Advanced Underwriting Consultants

Question of the Day – September 27

Ask the Experts!

The professionals at Advanced Underwriting Consultants (AUC) answer the tax and technical questions posed by producers.  Here’s the question of the day.

Question: My client recently passed away.  The client was receiving payments under a period certain immediate annuity.  Is the annuity included in the client’s estate for estate tax purposes?

Answer: Yes.

If an immediate annuity contains a refund or period certain feature, the post-death payments are includable in the gross estate for federal estate tax purposes under Revenue Code Section 2033 if payable to the estate, or Revenue Code Section 2039 if payable to a named beneficiary.  Where the death benefit is payable as periodic payments over some time period, the present value of the remaining payments is included.  Present value is determined by reference to IRS regulations and applying its relevant discount rate.

The same Revenue Code Sections reach the annuity death benefit paid when death occurs prior to annuity starting date.  Where the death benefit is paid in a lump-sum, that figure is included in the gross estate.

In case of a joint and survivor annuity purchased with the decedent’s premium payment, the value included in the gross estate will be an amount equal to the premium an insurance company would charge on the date of death for an identical single life annuity on the survivor.  Of course, remaining payments to a surviving spouse might qualify for the unlimited marital deduction.

Have a question for the professionals at AUC?  Feel welcome to submit it by email.  We may post your question and the answer as the question of the day.

Question of the Day – September 25

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Here’s the question of the day.

Question: I have a client who has been receiving “substantially equal payments” from her IRA since she has been age 50.  I am proposing setting her up in an immediate annuity with part of her IRA that will pay her the exact same amount she is getting now for a 5 year period which will take her beyond age 59 1/2.  Will this still qualify under the “substantially equal payments” rule?

Answer: There’s not a 100% certain answer to the question, unfortunately.

The proposed action makes logical sense, and seems consistent with the spirit of the 72(t) “substantially equal series of payments based on life expectancy” exception.  However, there is some troubling language in Revenue Ruling 2002-62, which the IRS could apply to the situation in an adverse way.

Here’s the language from the Revenue Ruling:

a modification to the series of payments will occur if, after such date, there is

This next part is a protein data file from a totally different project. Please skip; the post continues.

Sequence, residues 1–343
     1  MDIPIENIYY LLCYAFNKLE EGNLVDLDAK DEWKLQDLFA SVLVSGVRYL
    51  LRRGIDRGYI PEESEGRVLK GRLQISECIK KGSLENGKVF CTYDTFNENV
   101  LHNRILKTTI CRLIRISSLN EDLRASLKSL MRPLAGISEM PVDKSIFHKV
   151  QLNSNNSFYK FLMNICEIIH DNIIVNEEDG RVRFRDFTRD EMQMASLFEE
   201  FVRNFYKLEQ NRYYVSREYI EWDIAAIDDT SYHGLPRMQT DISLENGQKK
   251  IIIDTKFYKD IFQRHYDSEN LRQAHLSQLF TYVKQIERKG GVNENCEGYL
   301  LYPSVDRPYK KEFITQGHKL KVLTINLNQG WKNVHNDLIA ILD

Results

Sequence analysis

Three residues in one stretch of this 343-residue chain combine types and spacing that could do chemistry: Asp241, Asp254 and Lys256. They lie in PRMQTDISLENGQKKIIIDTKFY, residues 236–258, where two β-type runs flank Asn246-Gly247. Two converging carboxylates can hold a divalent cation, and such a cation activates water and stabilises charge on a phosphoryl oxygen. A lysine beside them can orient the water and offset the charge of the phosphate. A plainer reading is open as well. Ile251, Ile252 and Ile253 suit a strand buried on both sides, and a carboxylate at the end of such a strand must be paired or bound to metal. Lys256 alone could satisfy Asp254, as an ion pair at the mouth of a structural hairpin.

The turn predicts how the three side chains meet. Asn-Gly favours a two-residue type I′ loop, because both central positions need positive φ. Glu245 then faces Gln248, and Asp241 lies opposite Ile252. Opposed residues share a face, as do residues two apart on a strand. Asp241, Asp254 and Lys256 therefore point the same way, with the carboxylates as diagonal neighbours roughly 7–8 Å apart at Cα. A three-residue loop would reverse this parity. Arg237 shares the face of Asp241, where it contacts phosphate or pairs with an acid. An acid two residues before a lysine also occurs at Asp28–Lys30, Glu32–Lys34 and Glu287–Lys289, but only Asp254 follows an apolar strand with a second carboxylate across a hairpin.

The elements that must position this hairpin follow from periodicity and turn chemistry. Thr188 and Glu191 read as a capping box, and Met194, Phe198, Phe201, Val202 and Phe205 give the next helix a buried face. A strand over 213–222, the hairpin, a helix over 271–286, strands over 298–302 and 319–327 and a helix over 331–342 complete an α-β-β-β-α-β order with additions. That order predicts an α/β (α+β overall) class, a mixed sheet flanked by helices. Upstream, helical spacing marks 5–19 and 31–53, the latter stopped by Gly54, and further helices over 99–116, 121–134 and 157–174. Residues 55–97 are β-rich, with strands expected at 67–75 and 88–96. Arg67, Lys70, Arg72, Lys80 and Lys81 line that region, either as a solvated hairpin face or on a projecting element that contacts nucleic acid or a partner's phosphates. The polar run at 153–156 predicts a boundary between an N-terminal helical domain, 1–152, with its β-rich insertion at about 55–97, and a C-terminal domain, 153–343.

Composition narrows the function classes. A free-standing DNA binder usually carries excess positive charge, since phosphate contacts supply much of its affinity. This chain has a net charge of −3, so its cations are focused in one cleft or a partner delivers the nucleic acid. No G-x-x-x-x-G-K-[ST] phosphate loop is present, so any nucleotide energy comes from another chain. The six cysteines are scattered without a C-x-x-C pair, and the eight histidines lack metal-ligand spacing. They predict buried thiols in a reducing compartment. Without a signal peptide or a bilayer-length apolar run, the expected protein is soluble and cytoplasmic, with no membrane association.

(i)              any addition to the account balance other than gains or losses,

(ii)            any nontaxable transfer of a portion of the account balance to another retirement plan, or

(iii)      a rollover by the taxpayer of the amount received resulting in such amount not being taxable.

An annuitization of a portion of the account might be considered a “nontaxable transfer of a portion of the account balance,” invalidating the entire set of 72(t) distributions.  It’s not clear that the IRS would decide that way, but we can’t predict for sure.

The only way to get a sure opinion is for the client to ask for a private letter ruling.  The second best way is for the client’s CPA to think over the issues, review my analysis above, and decide that the CPA is comfortable with the client taking the tax risk.

Have a question for the professionals at AUC?  Feel welcome to submit it by email.  We may post your question and the answer as the question of the day.

Question of the Day – September 7

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Here’s the question of the day.

Question: If an insurance company fails, does the guaranty fund of the insurance company’s domicile or the guaranty fund of the policy owner’s state of residence kick in?

 

Answer: Each state has its own system for guaranteeing the life insurance products and annuity contracts of a failed life company.  In general, each state’s system will provide limited protection for the owner of a life or annuity contract issued by a carrier that is no longer able to meet its obligations.

 

Financial and insurance professionals may not tell their prospective clients about state guaranty funds (SGFs)—at least as any kind of solicitation to purchase insurance.  While each state has its own version of law prohibited using SGF information with clients, each of them does have such a law.  New York’s law is typical.

For policyowners of an insolvent company licensed to do business in the policyowner’s state of residence, the state of residence will provide the guaranty.  Policyholders who reside in states where the insolvent insurer was not licensed to do business are usually covered by the guaranty association of the company’s home state.

The National Organization of Life & Health Insurance Guaranty Associations is a gateway for additional information about state life and health guaranty rules.  Their website is at www.nolhga.com.

Have a question for the professionals at AUC?  Feel welcome to submit it by email.  We may post your question and the answer as the question of the day.